Id. at 811-12. These two distinct functions of the reasonable basis test are complemented by utilization of the substantial evidence test to review the evidentiary basis for an agency's decision on the merits of an individual case. Though the primary focus of this type of review is on the facts of the particular case before the agency at the time, I recognize that to the extent the agency decides that the facts of a specific case warrant one of a number of possible outcomes, the agency action could be interpreted as making law in the individual matter.[2]

Although our past decisions are not entirely unambiguous, we ordinarily have applied both the substantial evidence and the reasonable basis tests to administrative decisions only where the policy-making or criteria-establishing portions of the administrative decision are clearly separable from the decision on the merits of the individual application.[3] Thus, in Weaver Bros., Inc. v. Alaska Transportation Comm'n (Alaska 1978), we found that the agency's interpretation of the term "dormancy" was a matter of policy subject to the reasonable basis standard of review, and further held that there was substantial evidence to support the agency's determination that the individual motor carrier in question met the criteria for non-dormant status. To the contrary, in those cases where the questions of policy have been so intertwined with the facts of the individual application that a distinct policy determination is impracticable, this court has applied only the more deferential reasonable basis standard of review to the overall administrative determination.[4]

*967 Though I agree with the application of both the reasonable basis and the substantial evidence tests in the Weaver Bros. case, I disagree with the application of both in the present opinion. In my view, the test which was improperly applied here is the reasonable basis test. My difficulty with the reasonable basis test in the present case is simply that I am unable to separate out any law or policy-making function of the agency's decision which is distinct from the specific facts of the case. Thus, when an attempt is made to apply the reasonable basis test to the selection of the particular alternative plan for access to the appellee Stanton's P.U.D. in this case, I conclude that I am applying it to exactly the same facts that the majority evaluates under the substantial evidence test (i.e., whether the decision to provide one-way access is supportable).

Concededly, the determination of whether to apply the substantial evidence as opposed to the reasonable basis test (when one or the other but not both of these standards of review is appropriate) is not free of difficulty. This case is particularly misleading because the board of adjustment was presented several alternative "engineering" solutions to the access problem by its staff. Normally, such a discretionary decision by an administrative agency within its area of expertise triggers a reasonable basis standard of review. However, application of the reasonable basis test to the board's choice in this case carries with it the implication that the agency has "made law" on a question that is unique to the circumstances of the instant case. And when the case at bar is compared to the holdings in other cases where only the substantial evidence test was applied,[5] it becomes clearer that what distinguishes this case from the Weaver Bros. and Universal Education Society opinions is that, in this case, review of whether the agency has applied appropriate standards or criteria against which to judge the claim of an individual applicant has collapsed into the review of the determination of the facts of the individual case.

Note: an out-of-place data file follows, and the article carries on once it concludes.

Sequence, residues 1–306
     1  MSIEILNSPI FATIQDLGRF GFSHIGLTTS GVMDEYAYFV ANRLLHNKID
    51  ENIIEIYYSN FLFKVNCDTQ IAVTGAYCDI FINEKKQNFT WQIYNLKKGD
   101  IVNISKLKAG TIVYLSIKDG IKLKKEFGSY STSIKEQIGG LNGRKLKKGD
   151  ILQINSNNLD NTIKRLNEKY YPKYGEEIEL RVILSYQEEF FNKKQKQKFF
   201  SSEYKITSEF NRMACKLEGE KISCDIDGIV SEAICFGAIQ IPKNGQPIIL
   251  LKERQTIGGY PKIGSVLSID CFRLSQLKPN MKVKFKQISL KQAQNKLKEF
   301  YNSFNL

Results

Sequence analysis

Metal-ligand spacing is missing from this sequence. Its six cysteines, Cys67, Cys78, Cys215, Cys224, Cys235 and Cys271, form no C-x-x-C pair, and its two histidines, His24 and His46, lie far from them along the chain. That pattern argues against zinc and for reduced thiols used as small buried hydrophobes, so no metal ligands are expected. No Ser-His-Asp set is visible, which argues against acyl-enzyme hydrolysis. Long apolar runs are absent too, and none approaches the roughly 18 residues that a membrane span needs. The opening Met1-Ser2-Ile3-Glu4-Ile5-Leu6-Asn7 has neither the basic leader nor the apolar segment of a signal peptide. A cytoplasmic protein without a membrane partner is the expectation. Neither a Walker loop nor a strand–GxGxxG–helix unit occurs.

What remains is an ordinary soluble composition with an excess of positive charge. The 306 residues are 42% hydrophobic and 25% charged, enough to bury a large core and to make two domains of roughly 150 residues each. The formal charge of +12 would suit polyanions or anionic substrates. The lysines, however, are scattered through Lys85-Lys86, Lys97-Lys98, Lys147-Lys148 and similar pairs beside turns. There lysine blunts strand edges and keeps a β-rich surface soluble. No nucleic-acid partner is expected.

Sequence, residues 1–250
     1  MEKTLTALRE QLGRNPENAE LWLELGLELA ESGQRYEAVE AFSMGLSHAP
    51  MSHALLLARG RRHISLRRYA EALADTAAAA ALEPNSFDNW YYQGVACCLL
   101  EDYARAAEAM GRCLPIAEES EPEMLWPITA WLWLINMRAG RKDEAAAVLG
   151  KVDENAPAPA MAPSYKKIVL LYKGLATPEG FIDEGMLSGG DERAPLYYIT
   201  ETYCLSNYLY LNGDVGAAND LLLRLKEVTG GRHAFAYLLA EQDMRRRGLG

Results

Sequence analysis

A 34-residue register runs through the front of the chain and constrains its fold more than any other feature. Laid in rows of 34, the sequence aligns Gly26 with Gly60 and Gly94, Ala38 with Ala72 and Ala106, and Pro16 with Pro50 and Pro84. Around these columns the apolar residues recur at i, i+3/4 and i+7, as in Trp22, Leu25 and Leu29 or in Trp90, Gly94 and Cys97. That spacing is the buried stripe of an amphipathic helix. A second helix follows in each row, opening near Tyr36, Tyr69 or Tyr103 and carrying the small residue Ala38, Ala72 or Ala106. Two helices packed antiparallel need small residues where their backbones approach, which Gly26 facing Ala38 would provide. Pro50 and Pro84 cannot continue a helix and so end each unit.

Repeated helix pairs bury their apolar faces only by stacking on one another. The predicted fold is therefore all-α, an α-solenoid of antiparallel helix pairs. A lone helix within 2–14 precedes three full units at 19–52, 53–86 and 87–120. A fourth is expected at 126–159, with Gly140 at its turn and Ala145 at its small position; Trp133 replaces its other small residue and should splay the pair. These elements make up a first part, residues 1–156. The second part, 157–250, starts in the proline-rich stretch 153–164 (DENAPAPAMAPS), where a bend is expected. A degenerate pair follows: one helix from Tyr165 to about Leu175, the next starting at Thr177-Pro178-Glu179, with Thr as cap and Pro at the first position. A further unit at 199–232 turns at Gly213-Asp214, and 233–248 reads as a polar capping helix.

[1] The superior court's order remanding for further consideration may not be a final order. The issue has not been raised, and we do not pass on it for the reason that we would, in that event, entertain this matter as a petition for review.

[2] A planned unit development is defined in GAAB 21.05.020(b)(57) as:

A group or combination of certain specified residential, commercial or industrial uses developed as a functional and integral unit in a district or districts where some or all of the uses might not otherwise be permitted. Planned unit developments are permitted only by special exception.

[3] A diagram of the property is attached to this opinion as Appendix A.

[4] Access to both Providence Hospital and Alaska Hospital is via Lake Otis. Doctors renting space in the complex are thus inconvenienced by the limited access.

[5] At the hearing, Mr. Stanton's representative referred to "access" to Lake Otis. When asked specifically whether the request was for "an exit only, as opposed to entrance and exit from Lake Otis," he replied: "Exit only is preferable to the present situation... ."

[6] Under the special exception provisions of GAAB 21.05.060(M), the Planning Commission has the power to impose any "additional conditions to protect the public interest" before granting an exception for a P.U.D.